5 Therapists Shared Their Simple Tips For Managing Anxiety If You Don't Have a Therapist
Approximately 40 million American adults ages 18 and older have an anxiety disorder, according to the American Psychological Association. Anxiety can affect everyone differently, with symptoms including feeling restless, on edge, and fatigued; having difficulty concentrating; experiencing a lack of sleep; heart palpitations; and trembling or shaking, according to the National Institute of Mental Health.
There are a variety of ways to treat anxiety disorders, with options like psychotherapy and medication, and it's best to speak to a mental-health-care provider to figure out what's best for you. If you don't have access to a therapist for whatever reason, we enlisted five licensed therapists to share their tips and techniques that can help you manage your anxiety and stress. Check them out ahead.
Create Gratitude Lists
If you're experiencing anxiety, Sanam Hafeez, PsyD, a neuropsychologist and faculty member at Columbia University in New York City, recommends creating gratitude lists. "Another form of journaling, gratitude lists can be a great way to elevate your mood and help [you] cope with some of the negative thoughts that bring about anxious feelings," she said. "Keeping a journal with a list of positive prompts can help you contrast some of the stressful situations in your day with things that bring you joy."
Meditating is another therapist-approved way to manage your anxiety. "Using guided meditation apps are a free and accessible way to manage anxiety," said Nastassja Marshall, PhD, LCP, and founder of Renewal Therapy. She recommends setting aside 20 minutes each day to meditate to lower anxiety and improve your emotion regulation.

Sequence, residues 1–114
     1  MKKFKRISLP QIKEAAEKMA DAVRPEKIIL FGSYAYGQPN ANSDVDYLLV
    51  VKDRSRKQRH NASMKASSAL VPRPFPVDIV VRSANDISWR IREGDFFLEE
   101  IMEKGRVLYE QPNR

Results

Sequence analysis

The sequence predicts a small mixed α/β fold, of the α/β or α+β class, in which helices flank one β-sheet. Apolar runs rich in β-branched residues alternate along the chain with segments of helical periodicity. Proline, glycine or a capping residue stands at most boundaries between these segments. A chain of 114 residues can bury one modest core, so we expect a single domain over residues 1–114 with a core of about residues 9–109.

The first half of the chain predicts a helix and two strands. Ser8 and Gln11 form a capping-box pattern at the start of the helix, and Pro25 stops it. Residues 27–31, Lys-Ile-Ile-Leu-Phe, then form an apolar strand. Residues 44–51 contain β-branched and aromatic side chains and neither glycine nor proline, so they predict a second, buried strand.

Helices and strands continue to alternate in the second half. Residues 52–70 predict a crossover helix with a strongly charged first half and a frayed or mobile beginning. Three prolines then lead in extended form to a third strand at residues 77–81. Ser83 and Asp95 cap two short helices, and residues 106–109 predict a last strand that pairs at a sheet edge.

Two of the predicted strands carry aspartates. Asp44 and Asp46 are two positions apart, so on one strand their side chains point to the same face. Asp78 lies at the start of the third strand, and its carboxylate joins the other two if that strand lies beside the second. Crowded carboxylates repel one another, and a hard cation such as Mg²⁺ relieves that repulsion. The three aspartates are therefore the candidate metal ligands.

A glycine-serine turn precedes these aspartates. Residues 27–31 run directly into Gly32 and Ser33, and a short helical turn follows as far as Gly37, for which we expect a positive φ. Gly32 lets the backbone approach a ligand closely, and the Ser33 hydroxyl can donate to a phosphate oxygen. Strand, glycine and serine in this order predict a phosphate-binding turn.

Try a Breathing Technique
If you aren't into meditating and don't have access to a therapist, try a breathing strategy that can be done anywhere. "It's helpful for people to practice these techniques when they aren't feeling anxious so they are better equipped to implement these skills in an anxious state, when adrenaline and emotions are high," said Lauren Mosback, MA, LPC, NCC, and founder of Lauren Mosback Counseling Services.
The first technique Lauren recommends is 4-7-8 breathing. "Slowly breathe in [for] four seconds, hold your breath [for] seven seconds, and exhale [for] eight seconds," she said. She suggested repeating this technique four to five times.
Another breathing technique you can follow is the 5-4-3-2-1 grounding technique. "Rather than being trapped by anxious thoughts in your mind, grounding helps you stay in the present moment instead of worrying about things that have happened or may happen in the future," she said.
How to do the 5-4-3-2-1 technique: "Look around you and list five things you see, name four things you feel (your hair, a carpet), three things you hear (birds, the sound of your breath), two things you can smell (your perfume, a candle), and one thing you can taste," Lauren said. "This strategy helps individuals feel more in control of their surroundings and themselves by refocusing on their body and how they are physically feeling rather than on their anxious thoughts," she explained.